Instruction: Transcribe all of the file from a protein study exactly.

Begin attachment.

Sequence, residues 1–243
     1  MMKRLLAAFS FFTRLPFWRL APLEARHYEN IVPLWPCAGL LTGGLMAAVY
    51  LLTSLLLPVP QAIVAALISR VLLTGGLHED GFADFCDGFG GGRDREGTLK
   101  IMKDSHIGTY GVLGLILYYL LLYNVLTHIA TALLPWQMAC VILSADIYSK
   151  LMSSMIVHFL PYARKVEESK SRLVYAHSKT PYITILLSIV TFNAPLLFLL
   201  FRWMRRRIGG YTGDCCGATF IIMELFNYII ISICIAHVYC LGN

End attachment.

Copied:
Sequence, residues 1–243
     1  MMKRLLAAFS FFTRLPFWRL APLEARHYEN IVPLWPCAGL LTGGLMAAVY
    51  LLTSLLLPVP QAIVAALISR VLLTGGLHED GFADFCDGFG GGRDREGTLK
   101  IMKDSHIGTY GVLGLILYYL LLYNVLTHIA TALLPWQMAC VILSADIYSK
   151  LMSSMIVHFL PYARKVEESK SRLVYAHSKT PYITILLSIV TFNAPLLFLL
   201  FRWMRRRIGG YTGDCCGATF IIMELFNYII ISICIAHVYC LGN